• Osteoporosis
  • Weak bones
  • Sexual dysfunction
  • Overdose and, in some cases, death
  • Increased anxiety and depression

If you take prescription opioids, including Percocet, in combination with other drugs, like antifungal agents, you are at an increased risk of severe side effects, including respiratory depression, which includes symptoms such as excessive dizziness and shallow breathing.

Though it can be daunting to face up to the reality of drug use, seeking addiction treatment is the first step to recovery, and there’s a range of treatment facilities out there that are ready to help you.

How Long Does Percocet Stay in Your System?

Percocet can stay in your system for up to nineteen hours; however, this will all depend on a range of different factors. In general, the average half-life of Percocet is anywhere between four to six hours (the time it takes for a half-dose to work its way out of the body).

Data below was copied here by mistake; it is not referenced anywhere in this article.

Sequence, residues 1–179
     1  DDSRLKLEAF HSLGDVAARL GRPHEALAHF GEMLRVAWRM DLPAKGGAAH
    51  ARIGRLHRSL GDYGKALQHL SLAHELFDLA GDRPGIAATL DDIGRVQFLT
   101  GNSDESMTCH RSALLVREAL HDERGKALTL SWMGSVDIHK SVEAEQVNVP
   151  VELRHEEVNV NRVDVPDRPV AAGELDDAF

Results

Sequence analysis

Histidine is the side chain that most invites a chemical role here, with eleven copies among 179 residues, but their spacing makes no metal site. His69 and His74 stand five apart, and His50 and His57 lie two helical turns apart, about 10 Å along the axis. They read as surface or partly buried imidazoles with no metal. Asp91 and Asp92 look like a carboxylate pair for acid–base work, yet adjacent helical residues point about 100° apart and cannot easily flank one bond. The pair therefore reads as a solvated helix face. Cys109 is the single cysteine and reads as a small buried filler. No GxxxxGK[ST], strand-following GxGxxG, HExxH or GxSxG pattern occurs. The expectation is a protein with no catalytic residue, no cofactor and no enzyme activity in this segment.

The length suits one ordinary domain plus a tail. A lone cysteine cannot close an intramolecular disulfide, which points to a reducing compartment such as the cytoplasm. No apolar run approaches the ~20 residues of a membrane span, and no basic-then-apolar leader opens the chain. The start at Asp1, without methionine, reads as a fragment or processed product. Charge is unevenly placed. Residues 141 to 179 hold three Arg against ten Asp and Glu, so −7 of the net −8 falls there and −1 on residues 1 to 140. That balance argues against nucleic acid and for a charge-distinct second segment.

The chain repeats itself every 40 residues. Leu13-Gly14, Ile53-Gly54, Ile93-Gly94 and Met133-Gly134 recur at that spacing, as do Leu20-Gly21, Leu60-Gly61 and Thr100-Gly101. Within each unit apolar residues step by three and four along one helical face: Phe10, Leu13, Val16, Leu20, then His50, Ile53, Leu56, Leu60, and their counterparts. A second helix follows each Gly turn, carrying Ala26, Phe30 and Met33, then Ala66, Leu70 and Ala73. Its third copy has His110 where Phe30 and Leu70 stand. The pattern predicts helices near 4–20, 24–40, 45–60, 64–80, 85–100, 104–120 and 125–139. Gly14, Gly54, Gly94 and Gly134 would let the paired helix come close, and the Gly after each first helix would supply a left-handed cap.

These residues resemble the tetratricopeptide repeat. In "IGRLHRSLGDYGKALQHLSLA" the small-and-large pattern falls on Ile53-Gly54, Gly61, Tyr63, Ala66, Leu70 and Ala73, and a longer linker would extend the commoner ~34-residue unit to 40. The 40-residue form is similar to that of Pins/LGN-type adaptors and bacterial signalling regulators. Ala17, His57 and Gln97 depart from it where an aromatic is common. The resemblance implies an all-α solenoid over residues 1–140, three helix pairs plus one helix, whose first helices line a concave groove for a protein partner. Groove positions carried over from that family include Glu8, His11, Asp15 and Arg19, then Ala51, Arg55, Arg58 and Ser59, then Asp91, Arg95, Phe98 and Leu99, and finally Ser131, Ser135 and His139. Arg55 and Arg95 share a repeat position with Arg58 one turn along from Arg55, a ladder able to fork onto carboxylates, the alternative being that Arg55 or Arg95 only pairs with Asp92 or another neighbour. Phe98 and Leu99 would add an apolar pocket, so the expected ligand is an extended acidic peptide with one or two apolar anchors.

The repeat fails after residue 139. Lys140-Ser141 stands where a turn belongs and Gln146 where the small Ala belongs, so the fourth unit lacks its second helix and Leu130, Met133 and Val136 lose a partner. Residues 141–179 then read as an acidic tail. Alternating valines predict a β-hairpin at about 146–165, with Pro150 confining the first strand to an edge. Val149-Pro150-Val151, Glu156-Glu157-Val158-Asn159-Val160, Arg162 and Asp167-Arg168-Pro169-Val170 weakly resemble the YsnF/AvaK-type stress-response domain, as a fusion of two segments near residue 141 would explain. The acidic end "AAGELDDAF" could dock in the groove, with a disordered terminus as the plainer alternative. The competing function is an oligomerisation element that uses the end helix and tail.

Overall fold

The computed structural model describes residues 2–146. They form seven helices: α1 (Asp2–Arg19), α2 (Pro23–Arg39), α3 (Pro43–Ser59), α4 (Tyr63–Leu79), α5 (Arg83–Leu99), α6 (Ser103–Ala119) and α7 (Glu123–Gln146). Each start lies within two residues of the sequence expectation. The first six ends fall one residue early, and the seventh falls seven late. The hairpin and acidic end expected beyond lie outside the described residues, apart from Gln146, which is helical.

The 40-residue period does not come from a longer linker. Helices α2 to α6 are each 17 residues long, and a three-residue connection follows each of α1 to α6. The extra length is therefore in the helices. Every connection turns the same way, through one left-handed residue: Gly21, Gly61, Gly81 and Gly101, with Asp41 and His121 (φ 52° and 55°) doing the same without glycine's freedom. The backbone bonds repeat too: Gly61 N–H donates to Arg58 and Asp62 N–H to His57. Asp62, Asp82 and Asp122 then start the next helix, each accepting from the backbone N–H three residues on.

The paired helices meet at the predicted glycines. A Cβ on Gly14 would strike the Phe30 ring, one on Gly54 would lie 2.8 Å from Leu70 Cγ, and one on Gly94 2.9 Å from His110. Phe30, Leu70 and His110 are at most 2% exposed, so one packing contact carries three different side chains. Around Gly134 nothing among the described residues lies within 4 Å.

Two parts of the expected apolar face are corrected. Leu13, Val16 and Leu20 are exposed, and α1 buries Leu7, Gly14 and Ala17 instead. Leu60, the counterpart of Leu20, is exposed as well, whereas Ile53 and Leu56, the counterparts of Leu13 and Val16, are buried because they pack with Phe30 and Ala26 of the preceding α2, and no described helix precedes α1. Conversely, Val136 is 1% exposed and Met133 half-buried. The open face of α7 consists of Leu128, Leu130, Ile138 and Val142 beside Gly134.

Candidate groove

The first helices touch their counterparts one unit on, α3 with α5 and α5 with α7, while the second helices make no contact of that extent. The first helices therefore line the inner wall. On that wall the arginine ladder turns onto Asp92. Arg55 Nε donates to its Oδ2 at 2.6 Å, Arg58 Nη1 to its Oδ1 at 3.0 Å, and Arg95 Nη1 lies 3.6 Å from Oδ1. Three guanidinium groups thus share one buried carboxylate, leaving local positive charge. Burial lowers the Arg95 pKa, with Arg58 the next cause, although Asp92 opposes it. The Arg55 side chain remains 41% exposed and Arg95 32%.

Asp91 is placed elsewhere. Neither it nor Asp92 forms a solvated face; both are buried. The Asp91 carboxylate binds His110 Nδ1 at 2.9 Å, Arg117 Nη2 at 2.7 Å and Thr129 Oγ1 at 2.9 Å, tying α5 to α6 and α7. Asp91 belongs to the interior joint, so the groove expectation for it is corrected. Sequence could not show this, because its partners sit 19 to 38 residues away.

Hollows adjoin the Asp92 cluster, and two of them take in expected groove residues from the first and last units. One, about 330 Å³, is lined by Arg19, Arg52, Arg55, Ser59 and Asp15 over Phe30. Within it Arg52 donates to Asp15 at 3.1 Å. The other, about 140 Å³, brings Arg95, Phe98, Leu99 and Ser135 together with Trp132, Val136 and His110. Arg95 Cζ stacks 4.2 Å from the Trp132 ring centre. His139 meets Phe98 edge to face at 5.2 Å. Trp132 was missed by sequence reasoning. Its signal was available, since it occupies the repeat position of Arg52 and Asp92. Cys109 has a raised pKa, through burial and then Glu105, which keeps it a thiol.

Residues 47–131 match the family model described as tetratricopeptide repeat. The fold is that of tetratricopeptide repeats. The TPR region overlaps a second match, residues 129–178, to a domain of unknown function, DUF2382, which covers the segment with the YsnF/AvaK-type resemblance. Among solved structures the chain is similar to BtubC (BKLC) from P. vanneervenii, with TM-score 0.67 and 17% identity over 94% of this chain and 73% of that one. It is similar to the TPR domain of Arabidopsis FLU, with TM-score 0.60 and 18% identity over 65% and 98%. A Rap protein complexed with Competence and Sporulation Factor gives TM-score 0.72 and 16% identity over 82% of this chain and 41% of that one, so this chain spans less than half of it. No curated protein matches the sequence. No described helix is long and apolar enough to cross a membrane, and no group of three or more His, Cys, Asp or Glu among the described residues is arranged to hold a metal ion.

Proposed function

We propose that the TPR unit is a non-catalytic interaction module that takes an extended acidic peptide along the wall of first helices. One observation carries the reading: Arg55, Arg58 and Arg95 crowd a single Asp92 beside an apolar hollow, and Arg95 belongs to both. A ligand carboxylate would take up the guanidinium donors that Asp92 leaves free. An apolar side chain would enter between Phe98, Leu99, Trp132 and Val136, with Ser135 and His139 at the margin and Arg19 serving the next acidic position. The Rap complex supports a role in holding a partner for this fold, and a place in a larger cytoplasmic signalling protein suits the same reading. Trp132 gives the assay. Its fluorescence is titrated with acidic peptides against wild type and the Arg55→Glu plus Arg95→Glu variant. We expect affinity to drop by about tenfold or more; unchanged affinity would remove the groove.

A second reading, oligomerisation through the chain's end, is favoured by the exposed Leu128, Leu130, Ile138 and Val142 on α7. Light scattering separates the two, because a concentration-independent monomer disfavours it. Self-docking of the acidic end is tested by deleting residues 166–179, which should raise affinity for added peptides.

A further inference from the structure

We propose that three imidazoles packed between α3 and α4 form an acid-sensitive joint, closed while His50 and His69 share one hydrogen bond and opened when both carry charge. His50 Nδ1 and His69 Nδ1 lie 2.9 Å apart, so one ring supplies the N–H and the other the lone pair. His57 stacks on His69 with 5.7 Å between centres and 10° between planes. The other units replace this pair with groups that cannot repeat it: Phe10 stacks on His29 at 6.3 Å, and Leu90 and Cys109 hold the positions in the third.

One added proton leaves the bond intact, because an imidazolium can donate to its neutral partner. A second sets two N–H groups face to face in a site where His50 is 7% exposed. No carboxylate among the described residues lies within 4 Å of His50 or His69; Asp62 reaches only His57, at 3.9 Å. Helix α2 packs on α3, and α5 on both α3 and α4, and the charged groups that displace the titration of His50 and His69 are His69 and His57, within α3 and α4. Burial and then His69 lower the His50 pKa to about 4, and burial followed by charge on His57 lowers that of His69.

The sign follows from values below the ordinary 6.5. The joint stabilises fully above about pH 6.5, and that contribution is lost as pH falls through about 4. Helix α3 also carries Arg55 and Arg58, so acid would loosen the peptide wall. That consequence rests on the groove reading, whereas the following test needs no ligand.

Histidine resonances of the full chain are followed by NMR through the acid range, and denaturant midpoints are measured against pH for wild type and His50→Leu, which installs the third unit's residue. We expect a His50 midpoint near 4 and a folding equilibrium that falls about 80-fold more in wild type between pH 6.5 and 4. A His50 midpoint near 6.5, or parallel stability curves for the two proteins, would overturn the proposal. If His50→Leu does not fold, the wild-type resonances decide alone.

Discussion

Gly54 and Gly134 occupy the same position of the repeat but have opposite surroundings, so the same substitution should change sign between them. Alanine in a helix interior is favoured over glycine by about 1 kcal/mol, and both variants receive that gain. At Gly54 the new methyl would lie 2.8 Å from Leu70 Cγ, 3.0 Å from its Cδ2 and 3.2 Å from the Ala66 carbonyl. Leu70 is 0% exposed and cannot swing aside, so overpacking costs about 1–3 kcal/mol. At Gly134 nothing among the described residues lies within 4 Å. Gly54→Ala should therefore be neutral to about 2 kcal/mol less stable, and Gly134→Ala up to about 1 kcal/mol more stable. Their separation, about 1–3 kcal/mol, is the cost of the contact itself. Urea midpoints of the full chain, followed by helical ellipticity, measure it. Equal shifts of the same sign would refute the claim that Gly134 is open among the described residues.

However, just because opioids can leave the body in a matter of hours doesn’t mean they won’t show up on drug tests. In reality, a test can uncover traces of drugs as long as ninety days after the last dose.

Factors That Affect Percocet Detection

Though tests are adept at finding all traces of drugs, there are a few factors that will determine the rate at which Percocet leaves your system. Three of the main factors include the time span of the drug addiction, age, and metabolic rate.

Percocet’s half-life increases if you are a long-term, chronic user. This is because long-term drug use gives fatty tissues more time to absorb opioids, making it difficult for the liver to process and get rid of Percocet. Traces of Percocet will then tend to stay within bodily fluids before they leave one’s system.

Age

In general, younger adults are better able to process and clear their systems of Percocet than elderly people (those over the age of 65). This is down to several factors, including health, hydration levels, and metabolic rate.

Metabolic Rate